'A swing is like a car," Wade Boggs is saying. "You've got the fan belt, carburetor, pistons, spark plugs, fuel pump. If any part isn't working, the car doesn't run. Same way with hitting."
In the spring of his autumn, Mr. Goodwrench is fidgeting in a Florida batting cage. His weight shifts from foot to foot until it is just so. Fingers, hands, shoulders and hips conduct an intimate dialogue only Boggs understands. If a swing is a car, then his is a Porsche, finely tooled and temperamental. The scene is familiar, just the uniform has changed, this time to the expansion Devil Rays. Manager Larry Rothschild stops to admire Boggs' work. "How do you think he'll be remembered?" I ask Rothschild.
His reply is instantaneous.
"As a great pure hitter," Rothschild says. "I don't know how else to put it. I think about those years in Boston when he never put the ball in the air. That was phenomenal. That tells you as much about a hitter as you can possibly say."
The Boston years preceded the Yankees years, which preceded this, presumably the end of the line. With Boston in 1985, Boggs popped up three times in 653 at-bats, only once in fair territory. He finished with 240 hits, the most by a major leaguer in the past 67 years, and batted .368. The Boston years seem so long ago it's hard to remember that the last image of the 1986 World Series was Boggs sitting alone in the dugout, tears sliding down his face. Even Margo Adams is fading. What remains is a picture of Boggs rifling hits and walking. At Fenway he set conventional wisdom on its ear, turning two strikes into an advantage, the better to punch doubles off The Wall. With Boston, Boggs won five batting titles and became, with Tony Gwynn, the master batsman of the 1980s.
The Yankees years began in 1993, and though they produced no more batting titles they generally were happier. As a Yankee, Boggs provided another final World Series image, in 1996, riding behind a mounted cop across Babe Ruth's outfield, weeping for joy. He had himself to thank. Game 4 against the Braves was tied at 6 in the 10th inning, bases loaded, two outs, with Boggs pinch hitting against Steve Avery. His eye sharp enough, his reputation intimidating enough, he took a couple of borderline balls to draw the game-winning walk on a 3-2 pitch.
I ask him if he minds that his most important career at-bat was a walk and not a hit. "It worked out pretty damn good, didn't it?" Boggs says.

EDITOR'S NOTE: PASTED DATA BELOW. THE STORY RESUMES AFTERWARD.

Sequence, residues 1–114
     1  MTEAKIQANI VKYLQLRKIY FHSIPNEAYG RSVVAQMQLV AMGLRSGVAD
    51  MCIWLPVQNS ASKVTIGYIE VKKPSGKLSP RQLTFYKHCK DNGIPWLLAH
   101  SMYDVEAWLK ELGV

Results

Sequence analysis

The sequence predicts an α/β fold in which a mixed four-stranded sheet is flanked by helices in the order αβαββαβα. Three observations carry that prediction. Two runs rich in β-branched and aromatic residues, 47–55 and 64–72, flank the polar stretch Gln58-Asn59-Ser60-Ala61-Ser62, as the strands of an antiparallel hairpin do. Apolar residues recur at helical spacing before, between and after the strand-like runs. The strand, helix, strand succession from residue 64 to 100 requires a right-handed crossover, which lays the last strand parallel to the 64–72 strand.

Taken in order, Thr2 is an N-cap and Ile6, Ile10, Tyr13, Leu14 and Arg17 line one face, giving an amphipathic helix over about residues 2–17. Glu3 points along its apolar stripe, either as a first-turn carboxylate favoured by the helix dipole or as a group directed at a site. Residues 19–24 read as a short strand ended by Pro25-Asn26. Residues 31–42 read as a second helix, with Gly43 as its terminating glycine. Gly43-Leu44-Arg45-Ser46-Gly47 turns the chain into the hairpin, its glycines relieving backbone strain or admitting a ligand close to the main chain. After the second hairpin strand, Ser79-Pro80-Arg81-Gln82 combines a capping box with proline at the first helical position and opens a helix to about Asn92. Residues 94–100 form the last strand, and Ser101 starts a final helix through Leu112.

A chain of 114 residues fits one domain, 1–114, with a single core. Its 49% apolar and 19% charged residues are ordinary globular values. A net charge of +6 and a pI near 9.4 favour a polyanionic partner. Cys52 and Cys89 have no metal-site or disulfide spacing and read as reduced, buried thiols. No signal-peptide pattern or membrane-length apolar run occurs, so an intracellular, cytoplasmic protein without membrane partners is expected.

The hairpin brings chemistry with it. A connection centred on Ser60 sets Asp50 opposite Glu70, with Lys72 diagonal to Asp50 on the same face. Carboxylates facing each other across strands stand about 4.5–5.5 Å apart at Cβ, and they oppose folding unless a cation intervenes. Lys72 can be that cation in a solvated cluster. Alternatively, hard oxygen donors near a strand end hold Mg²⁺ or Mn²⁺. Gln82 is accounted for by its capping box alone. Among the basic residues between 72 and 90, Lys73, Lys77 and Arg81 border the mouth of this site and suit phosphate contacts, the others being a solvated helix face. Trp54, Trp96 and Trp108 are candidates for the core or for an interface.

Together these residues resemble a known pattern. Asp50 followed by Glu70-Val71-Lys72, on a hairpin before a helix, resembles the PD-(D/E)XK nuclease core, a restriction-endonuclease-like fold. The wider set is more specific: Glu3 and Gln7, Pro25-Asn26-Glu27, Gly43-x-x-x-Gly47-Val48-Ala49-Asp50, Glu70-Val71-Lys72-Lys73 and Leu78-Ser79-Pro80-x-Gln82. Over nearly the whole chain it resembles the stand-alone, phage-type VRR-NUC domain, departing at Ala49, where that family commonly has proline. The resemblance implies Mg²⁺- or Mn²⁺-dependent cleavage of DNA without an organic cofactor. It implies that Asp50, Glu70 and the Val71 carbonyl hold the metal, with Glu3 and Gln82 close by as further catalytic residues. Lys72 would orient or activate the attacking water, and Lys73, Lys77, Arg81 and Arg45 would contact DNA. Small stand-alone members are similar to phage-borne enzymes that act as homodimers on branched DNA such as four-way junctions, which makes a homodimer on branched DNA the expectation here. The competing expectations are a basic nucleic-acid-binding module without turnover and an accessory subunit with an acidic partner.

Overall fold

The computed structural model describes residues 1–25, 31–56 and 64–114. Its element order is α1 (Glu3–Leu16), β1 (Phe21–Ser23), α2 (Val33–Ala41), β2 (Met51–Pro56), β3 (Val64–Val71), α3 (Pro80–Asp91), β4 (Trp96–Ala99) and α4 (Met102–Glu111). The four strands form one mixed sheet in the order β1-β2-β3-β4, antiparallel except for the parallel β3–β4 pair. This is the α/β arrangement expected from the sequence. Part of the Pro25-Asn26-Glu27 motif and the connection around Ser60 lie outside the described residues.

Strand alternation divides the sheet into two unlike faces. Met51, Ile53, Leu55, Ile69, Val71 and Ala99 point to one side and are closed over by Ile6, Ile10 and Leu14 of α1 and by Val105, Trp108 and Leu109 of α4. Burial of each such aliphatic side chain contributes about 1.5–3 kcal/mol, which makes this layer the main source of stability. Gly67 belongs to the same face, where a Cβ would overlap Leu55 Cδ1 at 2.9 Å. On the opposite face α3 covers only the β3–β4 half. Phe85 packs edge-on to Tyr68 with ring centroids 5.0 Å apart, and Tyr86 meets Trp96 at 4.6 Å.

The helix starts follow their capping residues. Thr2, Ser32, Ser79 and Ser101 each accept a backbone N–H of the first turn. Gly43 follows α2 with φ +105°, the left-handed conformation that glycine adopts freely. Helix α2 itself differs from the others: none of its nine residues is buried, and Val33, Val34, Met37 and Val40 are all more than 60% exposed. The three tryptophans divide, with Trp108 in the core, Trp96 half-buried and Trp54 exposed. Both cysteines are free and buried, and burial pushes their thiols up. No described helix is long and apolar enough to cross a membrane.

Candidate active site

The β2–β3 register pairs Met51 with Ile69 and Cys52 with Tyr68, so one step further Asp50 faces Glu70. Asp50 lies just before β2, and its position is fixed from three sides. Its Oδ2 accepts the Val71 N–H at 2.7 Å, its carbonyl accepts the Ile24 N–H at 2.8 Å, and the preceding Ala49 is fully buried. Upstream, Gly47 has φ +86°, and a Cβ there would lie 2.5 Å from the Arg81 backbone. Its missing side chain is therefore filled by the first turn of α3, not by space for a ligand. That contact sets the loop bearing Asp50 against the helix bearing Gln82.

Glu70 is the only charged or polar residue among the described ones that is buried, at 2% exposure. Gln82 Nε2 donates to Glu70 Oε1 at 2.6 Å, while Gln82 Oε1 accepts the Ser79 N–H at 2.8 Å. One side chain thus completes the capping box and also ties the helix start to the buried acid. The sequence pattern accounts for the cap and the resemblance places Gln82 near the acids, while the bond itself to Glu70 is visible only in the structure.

Although his final year in the Bronx was bitter--he platooned at third base with Charlie Hayes--it is said Boggs cried when he left Yankee Stadium after the team returned from its playoff loss to the Indians, knowing he would not wear pinstripes again.
At 39, Boggs comes home to where he graduated from Tampa's Plant High School in 1976, toting a remarkable resume. His .331 average ranks third behind Ted Williams (.344) and Gwynn (.340) in the post-World War II era. He is the only player in the modern era (1901-present) to have seven consecutive 200-hit seasons and shares the major league record for most years leading the league in intentional walks (six). He has reached base 300 times in a season six times, exceeded only by Babe Ruth and Lou Gehrig (nine) and Williams (seven).
With the Devil Rays, Boggs will be close to his steadfast wife and high school sweetheart, Debbie, his two children and his crusty father, Win, 73, a retired Air Force master sergeant. Boggs credits his longevity to Win's "good genes," and he may have inherited his father's irascibility as well. When Boggs left the Yankees, Win called Manager Joe Torre "a loser" and said he cost Wade $1 million in the marketplace.
In a similarly vindictive vein, Wade says his most gratifying accomplishment has been proving wrong a long list of people who predicted he'd never make it or that he was washed up. He is hard on others, but no harder than on himself. Perhaps that's why Boggs cries.
There's one milestone left--3,000 hits. Boggs is at 2,800 and probably will need this season and part of next to get 200 more. Playing on turf at Tropicana Field won't help his legs or back, but it may help a few more grounders skitter through.
"How many guys have done it, 22 or 23?" Boggs says when asked what the threshold means to him. (Actually, 21.) "It means a lot if you're a hitter."
Three thousand hits is Boggs' Hall of Fame ticket. However, it would be wrong to assume he is wearing an expansion jersey because of a statistic. It would be wrong to assume that he showed up for camp in top shape or labors in the batting cage because of a statistic. The truth is Boggs is going about his work as he always has, fully engaged, with passion and precision.
"I can't say I have more motivation at 2,800 hits than at 2,500 or 2,300," Boggs says. "But as far as seeing light at the end of the tunnel, it's becoming a lot more clear now."
For the hitter whose swing is a car, the next pit stop is Cooperstown.